While the government purports that this Act cracks down on forced marriage, which is a really terrible form of family violence that needs to be addressed, In the initial press release and public statements made by Minister of Citizenship and Immigration, Chris Alexander, the Minister made several references to recent homicides where the victim was a young Muslim woman who was killed by members of her family. Linking the act to specific communities, along with the use of the term ‘barbaric culture’ in the Act title, frames some communities as inherently foreign and threatening to Canada. This policy makes the troubling argument that violence against women, and forced marriage in particular, is not a Canadian problem but rather a foreign problem that needs to be stopped at the border.

Another aspect of our methodology involves interviews with policy makers, lawyers, and service providers who work with immigrants in these precarious categories. The goal is to understand their perception of how these policies influence the lives of people they service. We also conduct observation or participant observation in spaces where people are trying to understand these policy changes. In the previous phases of the project, we organized knowledge exchange sessions with different regions including Windsor, Niagara, Ottawa, Montreal, and Vancouver. We shared our research knowledge on immigration policy changes and how they intersect with forms of violence. We invited local experts to share their experience. The sessions concluded with small group discussions, involving service providers and immigrant leaders, to explore emergent priorities. Knowledge exchange sessions are like workshops or focus groups, but they also an opportunity for dissemination.

In the future, we will be interviewing women who are sponsored spouses, especially those in the category of conditional permanent residents. Individuals granted this status must live with their sponsor in a conjugal relationship for two years. If the government suspects that a woman is not in a conjugal relationship, that person could lose her status. I mentioned earlier that Canadian immigration policy impacts violence against women. This is a classic example. Conditional permanent residence (CPR) places women with precarious status – who do not have “the rights and security of citizenship” (Bhuyan et al. 2014: 11) – under the control of their spouses, further tipping the balance of power in favour of the sponsor. In some cases, this policy has allowed domestic violence against women to perpetuate with impunity. For fear of deportation, the abused sponsored spouse may hesitate to report violence, which empowers the sponsor to continue his abusive behavior unchecked. But before we interview women in the sponsored spouse category, we want to make sure that we have a good sense of what is going on in their lives, so that conversation can be meaningful.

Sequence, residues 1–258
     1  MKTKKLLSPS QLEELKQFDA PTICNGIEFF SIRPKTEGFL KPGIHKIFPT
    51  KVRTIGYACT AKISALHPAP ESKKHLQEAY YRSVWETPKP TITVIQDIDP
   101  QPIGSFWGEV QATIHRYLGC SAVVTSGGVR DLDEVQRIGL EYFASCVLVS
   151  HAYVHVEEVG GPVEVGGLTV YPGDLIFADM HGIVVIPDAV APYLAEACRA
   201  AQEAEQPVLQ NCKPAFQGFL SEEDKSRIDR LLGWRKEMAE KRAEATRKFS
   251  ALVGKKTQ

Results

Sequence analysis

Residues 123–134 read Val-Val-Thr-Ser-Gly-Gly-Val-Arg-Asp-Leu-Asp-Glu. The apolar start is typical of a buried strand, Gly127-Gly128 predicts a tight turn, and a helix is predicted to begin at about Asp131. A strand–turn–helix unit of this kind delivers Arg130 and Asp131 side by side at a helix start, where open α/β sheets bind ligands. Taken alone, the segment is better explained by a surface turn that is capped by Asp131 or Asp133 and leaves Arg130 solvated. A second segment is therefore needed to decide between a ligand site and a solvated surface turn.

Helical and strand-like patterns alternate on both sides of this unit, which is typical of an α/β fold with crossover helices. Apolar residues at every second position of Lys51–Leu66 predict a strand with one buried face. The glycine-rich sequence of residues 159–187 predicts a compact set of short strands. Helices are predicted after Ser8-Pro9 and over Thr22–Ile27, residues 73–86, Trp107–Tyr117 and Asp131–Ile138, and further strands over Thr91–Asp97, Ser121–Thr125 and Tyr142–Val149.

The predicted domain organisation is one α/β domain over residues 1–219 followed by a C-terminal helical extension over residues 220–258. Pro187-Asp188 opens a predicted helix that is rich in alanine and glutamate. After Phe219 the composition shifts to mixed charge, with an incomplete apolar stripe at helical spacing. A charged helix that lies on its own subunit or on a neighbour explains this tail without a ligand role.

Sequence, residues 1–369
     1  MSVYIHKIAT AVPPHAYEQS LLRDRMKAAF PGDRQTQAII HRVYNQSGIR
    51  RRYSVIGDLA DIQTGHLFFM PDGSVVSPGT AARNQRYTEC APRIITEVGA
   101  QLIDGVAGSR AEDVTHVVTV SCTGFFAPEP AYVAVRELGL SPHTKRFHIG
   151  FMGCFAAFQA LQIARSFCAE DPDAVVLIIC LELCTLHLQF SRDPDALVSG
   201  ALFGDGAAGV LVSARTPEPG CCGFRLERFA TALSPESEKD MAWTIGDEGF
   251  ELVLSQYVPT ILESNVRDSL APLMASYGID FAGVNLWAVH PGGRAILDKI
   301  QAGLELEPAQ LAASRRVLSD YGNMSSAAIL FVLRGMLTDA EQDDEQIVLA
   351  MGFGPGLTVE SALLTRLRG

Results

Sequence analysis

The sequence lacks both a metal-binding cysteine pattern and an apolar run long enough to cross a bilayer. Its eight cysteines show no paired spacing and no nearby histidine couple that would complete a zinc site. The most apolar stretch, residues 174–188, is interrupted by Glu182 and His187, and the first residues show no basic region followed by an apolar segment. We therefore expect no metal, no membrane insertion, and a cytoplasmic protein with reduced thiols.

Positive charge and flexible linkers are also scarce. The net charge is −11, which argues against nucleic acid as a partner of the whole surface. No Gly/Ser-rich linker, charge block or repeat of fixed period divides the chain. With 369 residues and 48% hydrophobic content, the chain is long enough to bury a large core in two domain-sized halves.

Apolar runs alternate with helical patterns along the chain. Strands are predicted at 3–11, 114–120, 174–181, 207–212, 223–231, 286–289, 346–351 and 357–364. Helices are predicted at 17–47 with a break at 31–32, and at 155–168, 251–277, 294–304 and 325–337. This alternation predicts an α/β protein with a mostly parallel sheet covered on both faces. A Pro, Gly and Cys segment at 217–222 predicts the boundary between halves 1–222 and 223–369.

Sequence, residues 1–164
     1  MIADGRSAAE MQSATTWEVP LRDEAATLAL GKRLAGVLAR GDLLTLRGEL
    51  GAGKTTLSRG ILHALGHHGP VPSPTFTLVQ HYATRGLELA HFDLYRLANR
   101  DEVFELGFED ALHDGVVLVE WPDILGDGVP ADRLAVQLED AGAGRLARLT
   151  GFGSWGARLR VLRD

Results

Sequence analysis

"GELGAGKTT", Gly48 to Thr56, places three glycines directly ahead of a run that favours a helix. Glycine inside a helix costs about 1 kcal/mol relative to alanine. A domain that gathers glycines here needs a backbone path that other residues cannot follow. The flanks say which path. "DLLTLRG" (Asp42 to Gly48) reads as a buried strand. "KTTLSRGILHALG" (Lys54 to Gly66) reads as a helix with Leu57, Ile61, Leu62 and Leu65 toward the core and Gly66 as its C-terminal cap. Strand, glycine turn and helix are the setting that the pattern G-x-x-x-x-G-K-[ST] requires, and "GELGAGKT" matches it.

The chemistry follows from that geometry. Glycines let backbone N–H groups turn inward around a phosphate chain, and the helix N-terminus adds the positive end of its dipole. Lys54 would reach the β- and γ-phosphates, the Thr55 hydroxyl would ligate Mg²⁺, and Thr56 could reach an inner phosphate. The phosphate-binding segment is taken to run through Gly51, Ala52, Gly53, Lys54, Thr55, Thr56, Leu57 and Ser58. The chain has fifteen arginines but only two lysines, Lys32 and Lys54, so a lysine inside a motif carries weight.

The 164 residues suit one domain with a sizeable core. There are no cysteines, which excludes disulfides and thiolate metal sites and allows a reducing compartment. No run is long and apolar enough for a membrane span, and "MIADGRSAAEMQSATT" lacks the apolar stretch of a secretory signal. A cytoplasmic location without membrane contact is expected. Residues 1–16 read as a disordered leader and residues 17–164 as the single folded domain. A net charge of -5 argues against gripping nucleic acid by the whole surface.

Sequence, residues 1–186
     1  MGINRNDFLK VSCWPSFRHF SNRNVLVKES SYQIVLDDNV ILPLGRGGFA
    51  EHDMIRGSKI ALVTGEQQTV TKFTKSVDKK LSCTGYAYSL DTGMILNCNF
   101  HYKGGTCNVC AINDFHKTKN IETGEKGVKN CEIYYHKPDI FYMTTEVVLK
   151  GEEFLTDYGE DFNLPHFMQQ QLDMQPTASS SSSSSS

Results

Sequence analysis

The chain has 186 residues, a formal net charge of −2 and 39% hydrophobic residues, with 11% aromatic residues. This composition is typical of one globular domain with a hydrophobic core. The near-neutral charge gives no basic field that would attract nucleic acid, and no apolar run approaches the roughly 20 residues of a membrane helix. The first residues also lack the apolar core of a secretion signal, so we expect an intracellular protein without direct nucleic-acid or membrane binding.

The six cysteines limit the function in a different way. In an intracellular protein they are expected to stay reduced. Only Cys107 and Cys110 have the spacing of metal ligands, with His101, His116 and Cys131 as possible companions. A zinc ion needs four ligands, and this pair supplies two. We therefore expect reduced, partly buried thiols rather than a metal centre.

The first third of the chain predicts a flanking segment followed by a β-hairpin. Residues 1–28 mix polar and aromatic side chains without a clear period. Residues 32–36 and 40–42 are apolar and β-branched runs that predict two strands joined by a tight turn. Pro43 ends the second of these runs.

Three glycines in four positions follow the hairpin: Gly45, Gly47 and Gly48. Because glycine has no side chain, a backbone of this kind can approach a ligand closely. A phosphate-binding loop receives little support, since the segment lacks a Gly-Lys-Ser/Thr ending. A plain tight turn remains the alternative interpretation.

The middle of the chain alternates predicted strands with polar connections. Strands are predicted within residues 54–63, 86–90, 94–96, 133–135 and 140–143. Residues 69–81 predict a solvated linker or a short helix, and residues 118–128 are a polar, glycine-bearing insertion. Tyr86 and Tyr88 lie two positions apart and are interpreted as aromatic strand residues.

In the meantime, we will work with our community partners to create other forms of solidarity work to complement the research. A lot of times, research can seem extracting – taking away people’s stories – and they don’t necessarily know what happens to it. The Migrant Mothers Project always tries to take a participatory angle so that there is more mutual benefit in the process.


First, we heard from service providers across Ontario that they are overwhelmed by the rapidity of policy changes. People who work in front-line capacities are overwhelmed by the change in their jobs, change in the resources that they have access to, and change in migrant rights. This entire sector constantly has to learn and re-learn the policies governing the rights of people they service. Secondly, we found that there are more and more people who are vulnerable to being deported, as a direct result of the way the policy changes are occurring. For example, the omnibus crime bill that passed in 2012 makes it easier to deport permanent residents who have a criminal record. In the past, this category of deportees had to have been handed a sentence, if they were convicted, of up to two years; now, it’s six months. As you can imagine, a lot more crimes fall into that category, making permanent residents with a criminal record more vulnerable.